The Coronavirus Aid, Relief, and Economic Security Act (CARES Act; P.L. 116-136) created the Small Business Administration's (SBA's) Paycheck Protection Program (PPP). On April 16, 2020, the SBA reported that it had exhausted all funding provided by the CARES Act for the PPP.
On April 24, 2020, President Trump signed the Paycheck Protection Program and Health Care Enhancement Act (P.L. 116-139), which contains lending set asides for smaller lenders. These set asides appear to be motivated by media coverage claiming that some big banks benefited from issuing large volumes of PPP loans and tended to favor existing clients or larger clients.
P.L. 116-139 increases the total lending authority in the PPP to $659 billion, an increase of $310 billion over the $349 billion authorized under the CARES Act. Of this amount, no less than $30 billion is set aside for loans issued by
A similar, but separate, set aside of no less than $30 billion in lending authority applies to
In other words, at least $60 billion (19%) of the additional $310 billion in PPP lending authority provided by P.L. 116-139 is set aside for the specified groups of lenders, above.
CDFIs are specialized financial institutions that work in market niches that are underserved by traditional financial institutions. They provide a range of financial products and services in economically distressed markets, use flexible underwriting standards, and provide commercial loans and investments to small businesses in low-income areas. CDFIs exist in both rural and urban communities.
Section 103 of the Riegle Community Development and Regulatory Improvement Act of 1994 (12 U.S.C. §4702) defines a "CDFI" as an entity that
The Riegle Act also established the CDFI Fund ("Fund"), an agency within the Department of the Treasury, which administers several programs that encourage the role of CDFIs and similar organizations in community development. In order for a CDFI to be eligible for the Fund's core CDFI Program Financial and Technical Assistance, a CDFI must first apply to the Fund for certification and demonstrate that it meets the criteria in Section 103, above.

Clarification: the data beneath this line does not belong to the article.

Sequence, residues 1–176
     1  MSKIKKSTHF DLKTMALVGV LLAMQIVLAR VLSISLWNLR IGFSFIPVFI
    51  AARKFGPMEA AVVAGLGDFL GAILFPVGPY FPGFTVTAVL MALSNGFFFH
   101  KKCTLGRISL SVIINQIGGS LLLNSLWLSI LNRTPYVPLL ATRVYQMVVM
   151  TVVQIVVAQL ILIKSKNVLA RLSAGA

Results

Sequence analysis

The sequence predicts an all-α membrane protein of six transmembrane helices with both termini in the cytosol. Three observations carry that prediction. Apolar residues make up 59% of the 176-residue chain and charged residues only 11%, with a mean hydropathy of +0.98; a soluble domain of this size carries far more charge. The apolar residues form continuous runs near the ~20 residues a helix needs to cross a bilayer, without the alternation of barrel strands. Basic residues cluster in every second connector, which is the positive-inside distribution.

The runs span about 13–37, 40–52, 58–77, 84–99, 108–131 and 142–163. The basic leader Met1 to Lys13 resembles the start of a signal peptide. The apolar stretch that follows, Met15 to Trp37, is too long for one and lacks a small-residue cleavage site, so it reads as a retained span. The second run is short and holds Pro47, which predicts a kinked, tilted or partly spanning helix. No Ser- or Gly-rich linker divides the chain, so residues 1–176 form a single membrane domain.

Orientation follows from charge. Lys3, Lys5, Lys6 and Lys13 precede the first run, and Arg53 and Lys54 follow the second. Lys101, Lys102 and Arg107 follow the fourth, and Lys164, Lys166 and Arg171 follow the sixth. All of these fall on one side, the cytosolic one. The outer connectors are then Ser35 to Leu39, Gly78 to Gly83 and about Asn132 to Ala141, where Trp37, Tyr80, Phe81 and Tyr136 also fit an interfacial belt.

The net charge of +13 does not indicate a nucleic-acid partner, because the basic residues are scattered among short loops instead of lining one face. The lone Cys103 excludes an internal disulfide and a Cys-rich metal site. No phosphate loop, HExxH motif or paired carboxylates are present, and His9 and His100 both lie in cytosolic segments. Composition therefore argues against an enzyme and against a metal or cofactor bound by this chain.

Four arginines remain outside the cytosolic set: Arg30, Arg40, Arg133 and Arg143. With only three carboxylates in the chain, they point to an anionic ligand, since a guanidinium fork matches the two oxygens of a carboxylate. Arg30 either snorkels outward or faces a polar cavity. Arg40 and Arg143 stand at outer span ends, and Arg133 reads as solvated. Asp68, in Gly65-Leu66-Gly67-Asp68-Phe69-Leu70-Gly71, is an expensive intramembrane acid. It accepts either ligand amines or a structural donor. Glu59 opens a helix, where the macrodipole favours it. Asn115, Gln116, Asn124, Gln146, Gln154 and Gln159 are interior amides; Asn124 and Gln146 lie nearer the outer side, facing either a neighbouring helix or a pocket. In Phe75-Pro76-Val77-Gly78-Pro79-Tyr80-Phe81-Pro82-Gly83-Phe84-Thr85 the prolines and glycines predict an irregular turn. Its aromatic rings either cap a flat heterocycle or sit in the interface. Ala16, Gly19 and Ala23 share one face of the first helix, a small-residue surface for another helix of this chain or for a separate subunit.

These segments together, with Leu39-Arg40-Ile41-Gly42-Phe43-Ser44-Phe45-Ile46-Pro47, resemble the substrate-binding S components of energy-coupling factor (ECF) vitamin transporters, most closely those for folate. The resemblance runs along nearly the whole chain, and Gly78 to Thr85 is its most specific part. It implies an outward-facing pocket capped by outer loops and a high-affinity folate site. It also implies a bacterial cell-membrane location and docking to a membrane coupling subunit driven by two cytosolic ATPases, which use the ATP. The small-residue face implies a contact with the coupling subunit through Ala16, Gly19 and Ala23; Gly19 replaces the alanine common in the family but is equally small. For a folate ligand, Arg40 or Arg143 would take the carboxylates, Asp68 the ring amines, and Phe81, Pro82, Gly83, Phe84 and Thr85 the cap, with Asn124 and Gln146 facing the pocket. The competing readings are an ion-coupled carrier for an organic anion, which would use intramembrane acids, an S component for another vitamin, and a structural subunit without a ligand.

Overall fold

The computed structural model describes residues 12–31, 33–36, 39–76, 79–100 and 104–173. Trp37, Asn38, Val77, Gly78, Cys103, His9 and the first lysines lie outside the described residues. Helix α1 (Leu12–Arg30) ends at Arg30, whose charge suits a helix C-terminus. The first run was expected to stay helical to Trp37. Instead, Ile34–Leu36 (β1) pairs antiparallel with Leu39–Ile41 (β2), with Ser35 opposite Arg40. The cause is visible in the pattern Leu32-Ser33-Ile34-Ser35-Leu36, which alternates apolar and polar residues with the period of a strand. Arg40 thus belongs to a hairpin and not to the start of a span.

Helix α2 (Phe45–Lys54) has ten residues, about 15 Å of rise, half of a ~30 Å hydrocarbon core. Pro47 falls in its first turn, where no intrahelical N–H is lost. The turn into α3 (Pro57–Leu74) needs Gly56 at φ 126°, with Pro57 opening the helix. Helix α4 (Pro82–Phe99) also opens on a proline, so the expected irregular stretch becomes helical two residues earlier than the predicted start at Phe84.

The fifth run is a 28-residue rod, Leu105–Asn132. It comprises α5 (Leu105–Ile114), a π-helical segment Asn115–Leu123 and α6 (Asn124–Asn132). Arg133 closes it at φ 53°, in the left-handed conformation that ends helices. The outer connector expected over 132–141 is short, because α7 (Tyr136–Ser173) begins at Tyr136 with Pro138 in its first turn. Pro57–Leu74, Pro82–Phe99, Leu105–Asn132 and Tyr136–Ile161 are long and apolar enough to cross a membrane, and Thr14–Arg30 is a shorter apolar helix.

As of April 14, 2020, there were 1,142 certified CDFIs comprised of loan funds (48%), credit unions (28%), banks or thrifts (13%), depository institution holding companies (9%), and venture capital funds (1%).
The text of P.L. 116-139 is ambiguous as to whether CDFIs eligible under the set aside must be certified by the Fund. Section 103 of the Riegle Act does not contain requirements for certification; those requirements are provided for in regulations under 12 C.F.R. §1805.201. Further, Treasury or SBA regulations or guidance may be needed to clarify whether a CDFI must first apply for Fund certification to issue PPP loans under the set aside.
Lenders that issue PPP loans stand to financially benefit primarily through processing fees paid by SBA based on the principal amount of the loans. According to regulations, the processing fees are
Depository institutions can borrow from an emergency Federal Reserve facility, the PPP Liquidity Facility, to make PPP loans at a rate of 0.35% using PPP loans as collateral. The loans are not subject to capital requirements. The Fed created this facility to ensure that depository institutions did not face funding or regulatory constraints that would prevent them from meeting customer demand for PPP loans. The Fed stated that it was working to expand access to the facility to other types of lenders.
According to SBA data, the average size of a PPP loan approved before enactment of P.L. 116-139 was $206,000, and 74% of the number of loans approved were for amounts of $150,000 or less. The SBA did not report the specific identities of the largest PPP lenders or the borrowers' demographics. But, the SBA did report that the 15 largest lenders, in terms of dollars of loans approved, accounted for 20% of the 1.66 million loans approved and 27% of the $342 billion in loans approved. Among those 15 lenders, all but one had an average loan amount in excess of $150,000 and all but two had an average loan amount in excess of the total average of $206,000. Several of them had average loan sizes of approximately $400,000-$500,000.
P.L. 116-139's set asides for CDFIs and the other, smaller lenders could affect the future distribution of PPP loans among lenders and borrowers. Because of their typical clientele, CDFIs could enable smaller businesses and startups to access PPP loans that otherwise would not have received them.
It remains to be seen, though, how many CDFIs will participate in PPP lending. For example, venture capital and loan funds typically do not offer commercial loans to general members of the public. Although depository holding companies can be certified as CDFIs, they do not issue loans to individual borrowers. Instead, their subsidiaries would issue loans. For CDFIs that do participate, their ability to process a large volume of PPP loan applications could be limited by available staff and resources.